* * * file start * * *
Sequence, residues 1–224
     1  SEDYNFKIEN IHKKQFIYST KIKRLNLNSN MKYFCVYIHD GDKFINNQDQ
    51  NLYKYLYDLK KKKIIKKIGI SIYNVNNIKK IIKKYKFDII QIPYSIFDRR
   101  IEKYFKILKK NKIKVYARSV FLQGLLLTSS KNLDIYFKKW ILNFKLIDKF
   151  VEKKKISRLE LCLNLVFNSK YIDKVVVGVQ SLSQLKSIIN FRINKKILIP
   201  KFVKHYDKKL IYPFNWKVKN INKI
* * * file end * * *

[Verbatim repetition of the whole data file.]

Sequence, residues 1–224
     1  SEDYNFKIEN IHKKQFIYST KIKRLNLNSN MKYFCVYIHD GDKFINNQDQ
    51  NLYKYLYDLK KKKIIKKIGI SIYNVNNIKK IIKKYKFDII QIPYSIFDRR
   101  IEKYFKILKK NKIKVYARSV FLQGLLLTSS KNLDIYFKKW ILNFKLIDKF
   151  VEKKKISRLE LCLNLVFNSK YIDKVVVGVQ SLSQLKSIIN FRINKKILIP
   201  KFVKHYDKKL IYPFNWKVKN INKI